What could be a German tavern stands behind a small courtyard on Soi 20, where they offer a remarkable selection of sausages, sauerkraut and other homemade delicacies with little grace but with an efficiency and authenticity that is unmatched in Thailand. It’s a great place for friends and family to gather over sumptuous grilled platters washed down with plenty of German beer.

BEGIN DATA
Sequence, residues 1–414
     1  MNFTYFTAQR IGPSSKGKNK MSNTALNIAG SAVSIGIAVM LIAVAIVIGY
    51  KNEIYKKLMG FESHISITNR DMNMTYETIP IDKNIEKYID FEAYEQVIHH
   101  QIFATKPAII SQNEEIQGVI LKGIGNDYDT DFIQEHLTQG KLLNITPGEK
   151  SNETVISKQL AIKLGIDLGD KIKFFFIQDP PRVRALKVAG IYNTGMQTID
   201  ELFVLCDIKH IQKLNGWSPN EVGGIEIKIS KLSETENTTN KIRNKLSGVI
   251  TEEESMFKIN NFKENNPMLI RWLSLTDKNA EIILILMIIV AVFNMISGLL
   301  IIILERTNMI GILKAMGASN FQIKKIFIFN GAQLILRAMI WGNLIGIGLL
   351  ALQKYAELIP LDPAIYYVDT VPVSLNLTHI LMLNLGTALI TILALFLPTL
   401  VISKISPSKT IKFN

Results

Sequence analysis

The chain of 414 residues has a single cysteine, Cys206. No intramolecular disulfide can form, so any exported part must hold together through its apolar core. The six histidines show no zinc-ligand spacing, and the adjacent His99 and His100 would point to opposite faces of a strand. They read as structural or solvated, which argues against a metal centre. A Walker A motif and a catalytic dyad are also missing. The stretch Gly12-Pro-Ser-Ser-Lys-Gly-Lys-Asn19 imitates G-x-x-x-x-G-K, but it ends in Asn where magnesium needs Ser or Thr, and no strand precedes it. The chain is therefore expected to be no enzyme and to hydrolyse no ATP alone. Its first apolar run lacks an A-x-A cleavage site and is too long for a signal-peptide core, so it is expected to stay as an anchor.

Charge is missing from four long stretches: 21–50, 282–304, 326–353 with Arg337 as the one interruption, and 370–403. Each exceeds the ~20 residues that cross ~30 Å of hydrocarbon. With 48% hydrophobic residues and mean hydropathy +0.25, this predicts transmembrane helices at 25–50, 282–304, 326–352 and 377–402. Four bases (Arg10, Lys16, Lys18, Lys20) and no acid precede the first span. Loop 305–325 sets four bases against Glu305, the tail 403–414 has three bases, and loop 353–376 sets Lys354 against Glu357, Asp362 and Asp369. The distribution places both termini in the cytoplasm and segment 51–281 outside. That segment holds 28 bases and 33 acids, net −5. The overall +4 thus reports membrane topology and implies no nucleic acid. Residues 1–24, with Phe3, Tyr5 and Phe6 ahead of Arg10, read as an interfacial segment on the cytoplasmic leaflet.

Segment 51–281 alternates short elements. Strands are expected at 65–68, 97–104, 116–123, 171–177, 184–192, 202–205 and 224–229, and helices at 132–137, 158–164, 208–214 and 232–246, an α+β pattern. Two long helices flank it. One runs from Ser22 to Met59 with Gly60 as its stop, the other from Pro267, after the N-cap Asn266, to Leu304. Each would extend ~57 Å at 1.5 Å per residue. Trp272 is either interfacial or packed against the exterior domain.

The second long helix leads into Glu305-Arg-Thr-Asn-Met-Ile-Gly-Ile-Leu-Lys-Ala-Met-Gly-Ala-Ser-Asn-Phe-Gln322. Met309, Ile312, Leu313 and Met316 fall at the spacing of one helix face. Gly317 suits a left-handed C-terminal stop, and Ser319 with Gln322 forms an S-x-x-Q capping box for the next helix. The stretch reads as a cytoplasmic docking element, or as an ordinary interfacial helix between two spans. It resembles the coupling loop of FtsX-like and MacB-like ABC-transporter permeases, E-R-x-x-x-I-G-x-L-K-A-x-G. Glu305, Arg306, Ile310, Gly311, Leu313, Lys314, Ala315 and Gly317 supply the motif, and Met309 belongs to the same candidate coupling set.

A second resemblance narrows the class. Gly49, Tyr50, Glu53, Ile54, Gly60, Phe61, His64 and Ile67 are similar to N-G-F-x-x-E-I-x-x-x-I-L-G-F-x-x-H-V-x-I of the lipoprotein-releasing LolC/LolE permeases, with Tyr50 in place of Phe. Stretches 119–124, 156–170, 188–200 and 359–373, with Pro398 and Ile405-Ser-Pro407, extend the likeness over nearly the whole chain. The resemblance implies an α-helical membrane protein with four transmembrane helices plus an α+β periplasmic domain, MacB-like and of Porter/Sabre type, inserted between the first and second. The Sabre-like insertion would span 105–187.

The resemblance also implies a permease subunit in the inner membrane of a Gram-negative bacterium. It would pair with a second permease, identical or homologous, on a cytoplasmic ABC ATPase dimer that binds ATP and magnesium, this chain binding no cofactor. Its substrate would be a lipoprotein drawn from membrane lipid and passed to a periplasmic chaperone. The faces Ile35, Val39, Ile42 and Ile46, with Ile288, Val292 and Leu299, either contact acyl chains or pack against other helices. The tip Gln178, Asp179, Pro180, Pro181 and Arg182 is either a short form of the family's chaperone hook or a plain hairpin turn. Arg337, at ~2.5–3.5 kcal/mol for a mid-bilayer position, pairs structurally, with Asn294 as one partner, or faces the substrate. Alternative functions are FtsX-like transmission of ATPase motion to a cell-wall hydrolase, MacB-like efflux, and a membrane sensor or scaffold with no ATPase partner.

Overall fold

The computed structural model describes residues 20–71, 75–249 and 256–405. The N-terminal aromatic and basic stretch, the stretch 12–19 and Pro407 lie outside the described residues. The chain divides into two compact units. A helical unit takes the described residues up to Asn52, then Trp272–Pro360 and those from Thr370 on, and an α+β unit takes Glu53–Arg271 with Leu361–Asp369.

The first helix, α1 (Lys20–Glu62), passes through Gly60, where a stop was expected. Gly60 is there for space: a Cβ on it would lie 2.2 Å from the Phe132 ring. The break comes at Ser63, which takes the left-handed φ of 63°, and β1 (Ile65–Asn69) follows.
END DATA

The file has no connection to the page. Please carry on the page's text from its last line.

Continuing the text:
For your fix of rural German atmosphere and food that seems to have been designed with beer in mind, Bei Otto has no equal. What could be a medieval German tavern stands at the end of a small courtyard on Soi 20, where they offer a remarkable selection of sausages, sauerkraut and other homemade delicacies with little grace but with efficiency and authenticity that is unmatched in Thailand. Pretzel-like balls of bread are served warm, and cracking them open reveals a soft interior that just begs to be reunited, in your mouth, with the grains of salt set upon their crispy golden crust. The light creamy butter is equally well paired with the dark black pumpernickel and dense wholewheat breads. The menu is a thick, impeccably clean and bourgeois-looking wedding album-like book filled with salty meat-centered dishes, many of which are perfect for sharing, as are the three-liter towers of Erdinger or Furstenberg beer. The Black Forest Farmer’s Brunch offers generous portions of “bear sausage,” pate-like liver “sausage,” gelatinous sülze (a.k.a. “head cheese”) and Black Forest smoked ham. Another firm favorite is the Bavarian Platter, a huge plate of crispy pork knuckle, assorted homemade sausages, gravy, mashed potatoes, superb sauerkraut, and a bland gluey ball called a “bread dumpling” that you shouldn’t feel obliged to eat. The entire affair is set on a specially designed slab of warmed metal, thus ensuring that the food stays warm till the very end, which really heightens the enjoyment. Save the dumpling, the only serious misstep in a recent meal was a “traditional” weiner schnitzel (breaded veal cutlet) with fries that was chewy and heavy with disagreeable oil. When it comes to atmosphere, you’re in the Black Forest, not edgy Berlin. The friendly and helpful waitresses are laced into black dresses that reveal white bouffant sleeves. One wall is a giant bucolic painting of watermill and it feels like everything else, from the lamps to the cartwheels on the walls, is made of wood. We wish they’d reconsider their soundtrack of annoying Euro-trash dance music, but it’s worth bearing for the chance to eat solid comfort food like this.